Monthly Archives: November 2013

Steps in a Secure Software Development Lifecycle Model (1)

As discussed earlier [1, 2], the Secure Software Development Lifecycle (SSDLC) process that I commonly use has an inner core that is built around policies, standards, and best practices, and an outer shell of ongoing activities around security training and education.

The middle circle groups the activities that need to be performed for every release of the product. It does not matter whether the product team is using, for instance, a waterfall model or an agile model; the basic activities are always the same. It is obvious though that in an agile model, where the release cycles are much shorter, some of the activities take considerably less time. This allows the agile team to keep their short release cycle, and the respective SSDLC activities to benefit from early “customer” feedback, which is an integral part of the agile philosophy. Depending on the project, the “customer” can vary, sometimes even between cycles: this role can be filled by company internal customers, operations teams, integration teams, external customers, and many more.

2013-10-18 - The Core of a Secure Software Development Lifecycle ModelThere are eight activities in the SSDLC, and each of the activities can be its own more or less complex process. The content of the “activity boxes” generally depends on the development model and the type of project, but I found the following definitions to be pretty universal and a good starting point:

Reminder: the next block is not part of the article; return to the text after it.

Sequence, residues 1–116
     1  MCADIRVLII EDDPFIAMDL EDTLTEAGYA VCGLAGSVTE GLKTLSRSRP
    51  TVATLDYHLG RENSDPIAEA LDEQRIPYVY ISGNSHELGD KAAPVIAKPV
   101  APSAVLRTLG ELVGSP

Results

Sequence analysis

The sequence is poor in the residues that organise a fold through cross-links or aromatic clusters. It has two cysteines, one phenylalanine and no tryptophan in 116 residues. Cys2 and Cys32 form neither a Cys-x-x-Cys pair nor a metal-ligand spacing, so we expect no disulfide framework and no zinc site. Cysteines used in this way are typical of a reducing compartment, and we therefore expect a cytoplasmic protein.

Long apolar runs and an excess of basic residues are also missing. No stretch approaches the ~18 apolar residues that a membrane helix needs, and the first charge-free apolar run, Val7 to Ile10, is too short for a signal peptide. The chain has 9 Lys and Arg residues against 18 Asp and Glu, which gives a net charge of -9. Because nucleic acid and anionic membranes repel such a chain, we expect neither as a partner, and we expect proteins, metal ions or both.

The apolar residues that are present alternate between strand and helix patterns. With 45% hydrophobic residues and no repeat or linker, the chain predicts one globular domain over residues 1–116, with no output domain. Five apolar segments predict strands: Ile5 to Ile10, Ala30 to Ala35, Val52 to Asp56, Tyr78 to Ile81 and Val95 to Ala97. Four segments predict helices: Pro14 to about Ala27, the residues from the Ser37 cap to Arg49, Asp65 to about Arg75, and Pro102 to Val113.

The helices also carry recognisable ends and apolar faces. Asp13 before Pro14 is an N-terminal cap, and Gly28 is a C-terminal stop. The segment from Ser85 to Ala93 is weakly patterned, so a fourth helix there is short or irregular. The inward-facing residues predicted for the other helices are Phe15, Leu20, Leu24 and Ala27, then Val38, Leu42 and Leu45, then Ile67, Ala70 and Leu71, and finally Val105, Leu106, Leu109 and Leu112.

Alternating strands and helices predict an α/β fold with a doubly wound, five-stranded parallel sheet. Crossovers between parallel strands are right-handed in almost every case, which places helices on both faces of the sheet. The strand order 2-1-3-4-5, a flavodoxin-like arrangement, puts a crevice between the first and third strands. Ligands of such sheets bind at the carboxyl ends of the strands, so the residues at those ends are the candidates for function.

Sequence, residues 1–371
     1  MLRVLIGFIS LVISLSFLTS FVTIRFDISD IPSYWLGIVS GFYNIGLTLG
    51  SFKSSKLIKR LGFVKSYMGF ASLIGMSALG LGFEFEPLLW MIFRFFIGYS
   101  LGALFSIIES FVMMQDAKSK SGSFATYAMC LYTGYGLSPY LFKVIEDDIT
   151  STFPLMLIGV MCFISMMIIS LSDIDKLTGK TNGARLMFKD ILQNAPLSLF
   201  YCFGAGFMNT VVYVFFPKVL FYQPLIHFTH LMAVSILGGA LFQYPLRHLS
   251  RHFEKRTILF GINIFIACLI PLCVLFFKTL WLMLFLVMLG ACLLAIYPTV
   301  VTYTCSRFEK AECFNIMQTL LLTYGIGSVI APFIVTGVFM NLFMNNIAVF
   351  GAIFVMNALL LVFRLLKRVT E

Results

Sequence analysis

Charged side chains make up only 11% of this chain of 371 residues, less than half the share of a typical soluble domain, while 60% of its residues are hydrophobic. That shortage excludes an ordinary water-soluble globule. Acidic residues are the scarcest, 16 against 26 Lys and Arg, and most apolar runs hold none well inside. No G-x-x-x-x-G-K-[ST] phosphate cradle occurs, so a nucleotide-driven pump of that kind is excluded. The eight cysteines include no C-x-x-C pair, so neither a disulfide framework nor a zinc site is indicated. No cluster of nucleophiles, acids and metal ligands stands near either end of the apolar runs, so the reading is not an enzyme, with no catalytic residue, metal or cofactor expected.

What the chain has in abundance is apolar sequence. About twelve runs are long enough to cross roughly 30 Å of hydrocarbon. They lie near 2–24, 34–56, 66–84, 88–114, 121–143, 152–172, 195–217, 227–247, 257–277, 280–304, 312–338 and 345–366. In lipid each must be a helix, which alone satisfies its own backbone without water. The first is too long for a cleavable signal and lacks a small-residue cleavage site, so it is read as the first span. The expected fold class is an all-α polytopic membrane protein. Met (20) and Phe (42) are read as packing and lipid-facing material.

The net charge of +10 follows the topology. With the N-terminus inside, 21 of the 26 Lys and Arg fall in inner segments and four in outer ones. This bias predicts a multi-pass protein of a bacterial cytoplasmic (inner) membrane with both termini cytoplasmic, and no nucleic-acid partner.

1. System Concept Development

This activity answers important questions on a comparatively high level for executives, but it is also a good elevator pitch. Questions that need to be answered here are things like: What should the system do? Does it integrate with existing solutions? What is the value add (both intrinsic and extrinsic)? Did anyone else already build this? Why should we build this? Is the solution worth funding? In particular the last question is very interesting for everyone involved. If there are specific security implications (e.g. from a system managing PII), this should have already come up in the discussion by this point.

2. Planning

This is basic project management 101. At this time, a core team has usually been appointed for the project, and roles have been assigned within the core team (remember, this holds both for waterfall and agile models, where roles may change once a Potentially Shippable Increment [PSI] has been completed). Questions answered at this stage include things like: What needs to be built? Do we have all the resources we need to complete this iteration? What are the timeframes? Are there dependencies on other groups, or are other groups depending on this project release? Toward the end of this stage, the epics implemented in this phase will be known with high certainty, which allows the security architect to start thinking about their security implications.